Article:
Advantage, Los Angeles. Starting just over two months after the firing of former coach Terry Murray, and coinciding neatly with the deadline-day acquisition of Jeff Carter, the Kings’ offense caught fire. The tight, ridiculously over-structured offense employed by Murray was gradually unwound by Sutter, allowing for more creativity and improved flow. The net result was a 2.96 goals/game clip for the final 26 games of the season. Better still, the top line of Dustin Brown, Anze Kopitar and Justin Williams came alive, combining for 29 goals and 77 points in that span. Meanwhile, the Blues scored 2.58 goals/game over their last 26 games, and their top line produced just 47 points. Yes, it’s a small sample size, and one line does not a team make. St. Louis has a plethora of outstanding playmakers, along with superior team speed. However, an argument can be made that with the additions of Mike Richards and Jeff Carter, along with their top line fully unleashed, the Kings now possess the more dangerous attack.

B.J. Crombeen St. Louis Blues
B.J. Crombeen (Icon SMI)

#4: The Kings have the one of the best fourth lines in the league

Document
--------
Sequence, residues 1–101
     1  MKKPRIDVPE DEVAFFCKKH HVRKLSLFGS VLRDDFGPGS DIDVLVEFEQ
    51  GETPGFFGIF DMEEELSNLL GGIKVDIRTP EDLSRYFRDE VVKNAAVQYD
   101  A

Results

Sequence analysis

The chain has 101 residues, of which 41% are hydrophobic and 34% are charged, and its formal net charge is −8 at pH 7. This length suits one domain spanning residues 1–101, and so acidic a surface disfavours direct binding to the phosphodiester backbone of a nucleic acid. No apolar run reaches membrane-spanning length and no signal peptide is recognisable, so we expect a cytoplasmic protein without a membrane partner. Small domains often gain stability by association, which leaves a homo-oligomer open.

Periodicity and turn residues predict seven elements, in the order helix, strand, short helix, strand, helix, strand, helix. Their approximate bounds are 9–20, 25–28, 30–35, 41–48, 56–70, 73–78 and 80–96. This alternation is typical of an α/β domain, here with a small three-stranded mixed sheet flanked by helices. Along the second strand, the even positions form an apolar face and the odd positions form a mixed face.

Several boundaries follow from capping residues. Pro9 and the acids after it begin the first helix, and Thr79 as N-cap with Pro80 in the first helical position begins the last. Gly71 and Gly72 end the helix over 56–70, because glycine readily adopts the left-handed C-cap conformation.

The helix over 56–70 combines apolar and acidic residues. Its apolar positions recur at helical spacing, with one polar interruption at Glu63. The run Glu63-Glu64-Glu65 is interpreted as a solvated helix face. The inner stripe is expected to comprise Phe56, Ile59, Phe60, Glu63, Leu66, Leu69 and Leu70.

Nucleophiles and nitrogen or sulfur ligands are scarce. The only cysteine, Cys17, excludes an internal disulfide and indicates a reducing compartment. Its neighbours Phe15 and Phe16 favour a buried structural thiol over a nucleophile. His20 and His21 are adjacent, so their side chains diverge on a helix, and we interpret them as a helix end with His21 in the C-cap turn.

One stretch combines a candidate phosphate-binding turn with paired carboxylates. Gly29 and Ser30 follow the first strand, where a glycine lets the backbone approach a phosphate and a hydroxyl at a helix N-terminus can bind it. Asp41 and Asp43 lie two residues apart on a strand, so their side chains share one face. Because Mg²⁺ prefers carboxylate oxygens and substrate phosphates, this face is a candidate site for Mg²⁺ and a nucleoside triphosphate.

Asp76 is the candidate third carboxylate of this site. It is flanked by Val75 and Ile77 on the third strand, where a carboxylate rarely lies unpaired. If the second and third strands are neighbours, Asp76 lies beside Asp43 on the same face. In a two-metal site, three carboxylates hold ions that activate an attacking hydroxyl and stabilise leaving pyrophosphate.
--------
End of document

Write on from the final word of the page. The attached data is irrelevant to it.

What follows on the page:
It’s a debatable assertion, but the fourth line of Kyle Clifford/Brad Richardson, Colin Fraser and Jordan Nolan has been terrific, and a difference-maker, particularly during the postseason. The Blues’ fourth line consists of B.J. Crombeen, Scott Nichol and Matt D’Agostini. More rugged, but less able to contribute offensively, and more likely to take penalties. In the playoffs, with tight checking and collapsing defenses, offense and puck possession from the “grind” line magnifies in importance.

#3: Special teams are (slightly) in the Kings’ favor

Los Angeles was the fourth-best penalty-killing team this year at 87%, slightly above St. Louis’ 85.8% clip. Likewise, their power play succeeded at a 17.0% rate, versus 16.7% for the Blues. St. Louis, to this point, has been more efficient in both areas during the postseason, but the body of work suggests a slight nod toward the Kings in both areas.